The tone arm assembly is essentially two reinforced carbon fiber tubes joined at right angles. One slides through a solid brass block containing eight high-pressure jets at 45psi/ea. that float the air in an ultra-rigid air bearing. This air bearing is so friction-free that while fully counter-balanced, I could gently blow on the side of the tone arm and have it float across the entire top of the record. The other tube is the tone arm proper, wired with medical-grade silver wire. A full range of adjustments are possible, including VTA and VTF, azimuth and the ability to change the center of gravity for the tone arm assembly depending on the cartridge weight.

Adjustable VTF & Center of Gravity
Leveling the arm is a breeze. Just attach a piece of putty for a counter weight and turn a knob that raises or lowers one of the 'legs'; when the arm floats in a stationary position, you're done. The entire process takes about 30 seconds. Like everything else about this creation, the level remains rock-solid. Although I compulsively check it weekly, I rarely have to adjust it.

As Lloyd states in the interview, high frequency noise, spikes and harshness can be tamed with judicious use of damping. Sometimes this brightness can be mistaken for detail though it's not. To me, damping is analogous to the video sharpness control. When you turn down the sharpness control, your first reaction might be that you lost detail but the opposite is true. The same applies to damping; when dialing in some damping on records that need it, the top end smoothes out. You are not losing high end information - you are losing HF garbage, which now allows more of the music to flow. The better the record, the less damping you need . The dampening trough is located behind and under the tone arm. A thin pin attached to the arm extends into the trough, which is filled with silicon fluid. A small paddle can be raised or lowered into the fluid to displace more or less oil and raise or lower the fluid level. The higher the level, the more the tone arm 'pin' drags in the fluid and the more damping results. This damping implementation is much simpler and more elegant than my description.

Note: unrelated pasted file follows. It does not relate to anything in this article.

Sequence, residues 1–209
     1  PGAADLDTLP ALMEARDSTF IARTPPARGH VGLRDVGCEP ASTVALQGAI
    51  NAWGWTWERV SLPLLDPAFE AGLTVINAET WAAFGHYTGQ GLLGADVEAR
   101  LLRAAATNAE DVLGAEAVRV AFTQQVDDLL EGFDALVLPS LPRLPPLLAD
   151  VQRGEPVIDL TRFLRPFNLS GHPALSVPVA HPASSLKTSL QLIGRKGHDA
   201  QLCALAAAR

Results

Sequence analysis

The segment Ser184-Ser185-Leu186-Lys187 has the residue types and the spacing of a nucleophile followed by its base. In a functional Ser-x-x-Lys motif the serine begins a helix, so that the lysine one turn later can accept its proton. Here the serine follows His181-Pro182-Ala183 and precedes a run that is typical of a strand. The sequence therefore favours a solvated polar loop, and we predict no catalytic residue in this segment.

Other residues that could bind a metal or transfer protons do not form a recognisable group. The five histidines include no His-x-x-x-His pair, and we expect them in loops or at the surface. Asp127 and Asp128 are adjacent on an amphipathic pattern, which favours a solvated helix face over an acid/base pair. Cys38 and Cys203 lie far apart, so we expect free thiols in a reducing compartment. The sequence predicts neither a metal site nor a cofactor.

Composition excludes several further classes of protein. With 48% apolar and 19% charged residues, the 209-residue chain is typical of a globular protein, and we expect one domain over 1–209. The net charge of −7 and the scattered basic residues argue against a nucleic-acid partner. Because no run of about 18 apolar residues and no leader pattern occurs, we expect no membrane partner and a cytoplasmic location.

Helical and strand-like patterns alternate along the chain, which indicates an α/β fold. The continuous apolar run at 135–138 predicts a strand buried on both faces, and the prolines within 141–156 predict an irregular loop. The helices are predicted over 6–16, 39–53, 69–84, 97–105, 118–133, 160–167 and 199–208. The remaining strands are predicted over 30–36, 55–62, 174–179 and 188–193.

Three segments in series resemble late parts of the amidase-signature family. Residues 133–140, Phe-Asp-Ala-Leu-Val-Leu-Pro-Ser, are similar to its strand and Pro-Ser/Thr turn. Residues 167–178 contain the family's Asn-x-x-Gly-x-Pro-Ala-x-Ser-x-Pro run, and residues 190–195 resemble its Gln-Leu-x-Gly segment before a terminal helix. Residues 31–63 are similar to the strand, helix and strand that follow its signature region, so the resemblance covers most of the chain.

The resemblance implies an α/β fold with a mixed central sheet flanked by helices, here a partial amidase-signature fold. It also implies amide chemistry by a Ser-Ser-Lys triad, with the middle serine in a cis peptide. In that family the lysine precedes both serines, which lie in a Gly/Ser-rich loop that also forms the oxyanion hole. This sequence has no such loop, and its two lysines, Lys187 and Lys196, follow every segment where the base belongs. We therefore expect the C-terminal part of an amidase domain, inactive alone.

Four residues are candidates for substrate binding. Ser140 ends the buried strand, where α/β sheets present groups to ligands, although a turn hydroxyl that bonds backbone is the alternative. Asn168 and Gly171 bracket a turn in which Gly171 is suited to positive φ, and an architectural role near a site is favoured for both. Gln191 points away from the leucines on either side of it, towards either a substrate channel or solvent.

Arm wiring
Walker sources his arm wires from a bio-medical laboratory. This is the same ultra-pure, solid-core silver wire with clear .001 inch Teflon insulation that's used in medical research. The wires are separated in the reinforced carbon fiber arm and directionally wired for improved sound. One of Walker's most passionate themes is that connections are inherently bad. The only good connection is no connection. With that philosophy, Walker eliminates every connection possible. Although his table can be custom-built with high-quality female RCA jacks, the best sound comes from hot-rodding the arm wires with male RCAs and plugging them directly into the phono preamp. I've had the table configured both ways and it's not close - the arm wires connected directly to the phono input offer a dramatic improvement in sound, bringing you one step closer to the music.

The platter is 70 lbs. of pure lead. There's that resonance control obsession again. It is slightly smaller than a record and has the label area machined out. This allows the outer lead-in grooves to hang over the platter edge. The record's